When The Sopranos came out I didn't have HBO and didn't see it until years later. I remember when it started getting popular though, because people all of a sudden started asking me, since I was Italian and also from North Jersey, if my family was Mafia. It was a question I hadn't heard for years. Actually, since the year my dad dropped something off for me at soccer camp when I was 11. He was on his way to work, so wearing a suit and he drove a Mercedes. As much as I insisted he was an engineer, the new nickname of "Mafia man" stuck. I didn't care, just like I didn't care about The Sopranos questions or about the Jersey Shore ones today.
Again, I could tell the popularity of the show just through the increase in interest of my personal guido status. It's funny to hear it from Californians, like Jersey Shore is filmed on another planet when in fact they have their own Jersey Shore right under their noses in the name of the bros of SoCal. Because really, what's the difference? They all live for goofy cars, goofy girls, beaches, parties and getting laid. And they all love wearing Ed Hardy. I guess being from New Jersey, I find the OC version to be more ridiculous. It's all what you're used too, I guess.
For me personally, I didn't oompa-loompa the Tan-in or spike the hair. I never even owned a wife-beater. In fact, I wore Polos and played Lacrosse. Not that it wasn't around. My boss at Christmas City was the first full guido I became friends with (aside from my cousins who all thought I was from another planet). Yea, Christmas City, world's largest supplier of artificial Christmas trees. Doug was as '90s guido as they get (though we always called them Ginzos). He drove a teal convertible IROC, wore short shorts and tight shirts that really accentuated his inverted-v shaped body, gelled the hair and wore high tops. The most vivid memory I have of Doug is the way he smoked cigarettes like Andrew Dice Clay, really whipping them out of the mouth before the exhale and a "yo, Nereo...you gettin' laid, or waaht." He was pretty much the Godfather to those kids you're watching on TV today.
Doug liked me just for the fact that I "wasn't a total fuckin' pussy" like the other dudes who worked in the warehouse. Which is a serious blow to them considering that I wasn't much of a tough guy myself. Doug would go to Spring Break every year in Florida even though he didn't go to college (one of my personal favorite Doug facts). He'd then share the pictures with me, telling me about the girls he banged, wanted to bang or would bang next year and never forgetting to include breast size and slammin' body type. Besides the fact that I listened to stories about his drunken motel sex (who wouldn't?), Doug also liked me because I was Italian. And even though I was an Italian who dressed like a "fuckin' preppy goofball." I was still Italian no less. I have to admit, I liked Doug too. Much like the appeal of the characters on the show, you could say he was a lot of things, but affected, pretentious or reserved were not amongst them.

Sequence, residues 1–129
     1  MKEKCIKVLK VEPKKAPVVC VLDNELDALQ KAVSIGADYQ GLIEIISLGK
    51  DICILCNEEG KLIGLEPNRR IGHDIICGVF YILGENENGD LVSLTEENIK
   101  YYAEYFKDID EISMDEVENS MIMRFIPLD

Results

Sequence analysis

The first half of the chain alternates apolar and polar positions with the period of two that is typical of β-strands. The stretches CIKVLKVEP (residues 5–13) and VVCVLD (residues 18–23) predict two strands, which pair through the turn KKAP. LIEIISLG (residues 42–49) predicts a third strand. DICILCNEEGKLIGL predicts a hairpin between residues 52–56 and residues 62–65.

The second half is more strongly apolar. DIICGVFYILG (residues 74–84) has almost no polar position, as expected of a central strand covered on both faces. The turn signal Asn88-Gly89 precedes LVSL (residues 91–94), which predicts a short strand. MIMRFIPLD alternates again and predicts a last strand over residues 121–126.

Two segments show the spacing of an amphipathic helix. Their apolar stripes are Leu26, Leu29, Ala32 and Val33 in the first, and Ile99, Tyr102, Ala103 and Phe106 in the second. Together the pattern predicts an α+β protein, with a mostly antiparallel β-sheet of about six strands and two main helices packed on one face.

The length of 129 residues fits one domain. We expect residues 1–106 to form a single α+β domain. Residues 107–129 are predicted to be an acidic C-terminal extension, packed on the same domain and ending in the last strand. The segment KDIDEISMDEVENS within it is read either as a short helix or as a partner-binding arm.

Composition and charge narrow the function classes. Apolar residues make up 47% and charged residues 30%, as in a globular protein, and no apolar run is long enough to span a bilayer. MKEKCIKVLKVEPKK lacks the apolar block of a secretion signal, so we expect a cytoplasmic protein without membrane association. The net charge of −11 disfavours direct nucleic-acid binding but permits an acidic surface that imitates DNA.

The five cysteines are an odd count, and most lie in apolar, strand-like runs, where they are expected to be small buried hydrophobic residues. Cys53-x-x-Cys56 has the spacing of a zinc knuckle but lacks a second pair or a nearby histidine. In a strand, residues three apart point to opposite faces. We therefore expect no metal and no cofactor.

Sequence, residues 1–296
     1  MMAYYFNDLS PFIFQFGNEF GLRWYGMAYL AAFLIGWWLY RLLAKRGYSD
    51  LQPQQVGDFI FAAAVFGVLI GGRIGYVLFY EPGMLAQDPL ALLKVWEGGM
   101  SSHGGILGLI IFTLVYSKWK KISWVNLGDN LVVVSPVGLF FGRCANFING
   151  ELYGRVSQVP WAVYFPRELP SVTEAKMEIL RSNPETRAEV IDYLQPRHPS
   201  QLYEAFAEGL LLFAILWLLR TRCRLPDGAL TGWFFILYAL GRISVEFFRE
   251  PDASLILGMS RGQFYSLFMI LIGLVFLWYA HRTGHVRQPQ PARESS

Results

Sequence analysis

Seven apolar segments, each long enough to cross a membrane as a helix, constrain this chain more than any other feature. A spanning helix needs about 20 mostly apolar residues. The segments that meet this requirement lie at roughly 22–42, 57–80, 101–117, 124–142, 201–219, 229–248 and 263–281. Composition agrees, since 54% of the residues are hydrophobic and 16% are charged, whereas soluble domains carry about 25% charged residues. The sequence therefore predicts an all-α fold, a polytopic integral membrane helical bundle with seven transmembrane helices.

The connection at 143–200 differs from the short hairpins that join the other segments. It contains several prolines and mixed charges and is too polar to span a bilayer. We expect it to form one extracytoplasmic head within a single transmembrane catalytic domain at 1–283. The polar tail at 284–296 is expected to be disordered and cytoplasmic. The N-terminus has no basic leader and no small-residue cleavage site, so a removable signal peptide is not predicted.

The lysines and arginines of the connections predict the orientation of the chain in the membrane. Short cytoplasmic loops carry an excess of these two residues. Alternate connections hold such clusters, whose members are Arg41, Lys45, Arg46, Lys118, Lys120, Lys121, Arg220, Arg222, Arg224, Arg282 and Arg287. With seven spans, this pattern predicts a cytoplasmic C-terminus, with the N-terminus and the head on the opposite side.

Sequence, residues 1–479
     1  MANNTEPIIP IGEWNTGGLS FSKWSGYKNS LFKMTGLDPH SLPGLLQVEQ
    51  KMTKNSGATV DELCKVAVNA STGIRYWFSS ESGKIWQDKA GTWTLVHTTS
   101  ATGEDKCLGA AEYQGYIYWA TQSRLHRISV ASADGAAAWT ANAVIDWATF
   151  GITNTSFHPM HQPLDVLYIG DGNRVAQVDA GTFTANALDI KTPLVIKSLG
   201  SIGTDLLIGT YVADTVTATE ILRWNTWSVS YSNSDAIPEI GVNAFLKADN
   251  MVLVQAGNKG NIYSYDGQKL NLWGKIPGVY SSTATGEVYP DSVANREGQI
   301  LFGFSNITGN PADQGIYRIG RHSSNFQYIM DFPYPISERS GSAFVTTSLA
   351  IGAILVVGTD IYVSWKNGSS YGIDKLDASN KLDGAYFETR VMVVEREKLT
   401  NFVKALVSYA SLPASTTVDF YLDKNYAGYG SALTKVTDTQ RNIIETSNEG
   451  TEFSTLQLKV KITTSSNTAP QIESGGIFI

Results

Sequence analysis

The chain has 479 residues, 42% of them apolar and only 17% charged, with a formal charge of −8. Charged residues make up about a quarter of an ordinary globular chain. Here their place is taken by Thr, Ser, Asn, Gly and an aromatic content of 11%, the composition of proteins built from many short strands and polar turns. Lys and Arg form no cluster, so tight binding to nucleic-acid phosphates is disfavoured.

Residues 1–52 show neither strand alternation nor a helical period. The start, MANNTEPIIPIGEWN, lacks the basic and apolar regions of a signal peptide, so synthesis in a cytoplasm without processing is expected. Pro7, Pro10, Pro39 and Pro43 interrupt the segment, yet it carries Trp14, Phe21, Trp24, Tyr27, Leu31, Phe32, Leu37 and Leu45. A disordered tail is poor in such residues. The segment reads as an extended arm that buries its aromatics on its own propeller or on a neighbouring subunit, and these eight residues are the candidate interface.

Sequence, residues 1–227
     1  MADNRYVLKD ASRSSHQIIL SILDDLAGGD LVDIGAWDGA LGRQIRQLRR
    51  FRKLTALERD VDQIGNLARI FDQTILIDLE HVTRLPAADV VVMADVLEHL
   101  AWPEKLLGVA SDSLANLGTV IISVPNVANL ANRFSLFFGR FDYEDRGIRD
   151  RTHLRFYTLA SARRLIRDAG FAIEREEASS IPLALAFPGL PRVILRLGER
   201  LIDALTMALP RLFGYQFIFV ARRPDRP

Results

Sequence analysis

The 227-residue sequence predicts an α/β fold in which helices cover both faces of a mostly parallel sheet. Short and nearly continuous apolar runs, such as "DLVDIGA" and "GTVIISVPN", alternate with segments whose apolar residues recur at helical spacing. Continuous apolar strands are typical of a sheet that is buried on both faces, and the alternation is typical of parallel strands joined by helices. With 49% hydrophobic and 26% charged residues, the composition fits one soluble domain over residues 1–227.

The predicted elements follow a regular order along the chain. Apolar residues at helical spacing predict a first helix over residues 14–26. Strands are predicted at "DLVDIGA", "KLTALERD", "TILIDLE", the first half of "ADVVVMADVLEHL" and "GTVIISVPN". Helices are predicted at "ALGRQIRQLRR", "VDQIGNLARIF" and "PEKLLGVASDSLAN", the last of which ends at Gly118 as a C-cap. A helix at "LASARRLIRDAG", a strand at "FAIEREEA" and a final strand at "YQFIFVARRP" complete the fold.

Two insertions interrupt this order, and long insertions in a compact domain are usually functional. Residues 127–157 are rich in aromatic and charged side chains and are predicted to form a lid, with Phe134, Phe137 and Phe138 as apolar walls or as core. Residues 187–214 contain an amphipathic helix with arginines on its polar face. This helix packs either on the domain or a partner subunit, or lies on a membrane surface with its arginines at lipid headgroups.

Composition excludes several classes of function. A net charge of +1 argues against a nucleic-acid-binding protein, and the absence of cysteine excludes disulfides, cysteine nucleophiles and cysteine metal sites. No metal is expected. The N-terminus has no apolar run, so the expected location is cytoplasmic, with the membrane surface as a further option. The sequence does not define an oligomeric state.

One time I met this Italian girl and I told her that I was Italian. In her thick accent she asked me "where in Italy were you born?" to which I answered that I was born in America. Her response was blunter than a butter knife, "well then, you are not Italian, you are American." The funny thing was, instead of getting annoyed, I heard her words, and they sunk in deep. She was totally right. Just like any second generation kids are totally American. I witnessed this phenomena in Home Depot just the other day. A Filipino mother was scolding her kid with "Alam mo ang iyong mga araling-bahay?!" to which he replied in an accent as thick with annoyance as any preoccupied and homegrown American teen "yesssssss, mom.. I'll do it when I get home.. okay!?" It doesn't matter where you come from, if you raise your kids in the U.S., they will be Americans first and foremost. So even though Doug and I might have had ancestors from the same European country years ago, to me we were just two Americans more accurately described as Guido and Preppy than Italian and Italian.
Which is why Jersey Shore doesn't bother me. Those aren't Italians or Italian-Americans or even New Jersians. They are Americans. Totally clowned out and ridiculous ones, but still Americans. If someone watching that, or The Sopranos, gets a different idea about me because of it, well, that's almost so ridiculous it's just funny. I really believe if more people would recognize the fact that we are all overwhelmingly related though Americanism than any other historical and cultural ties, we'd all be a little better off for it. Our common history and culture includes Big Gulps, Big Wheels and the Notorious B.I.G. which, for better or for worse, trumps wherever our grandparents came from. At least that's this guido's take on it.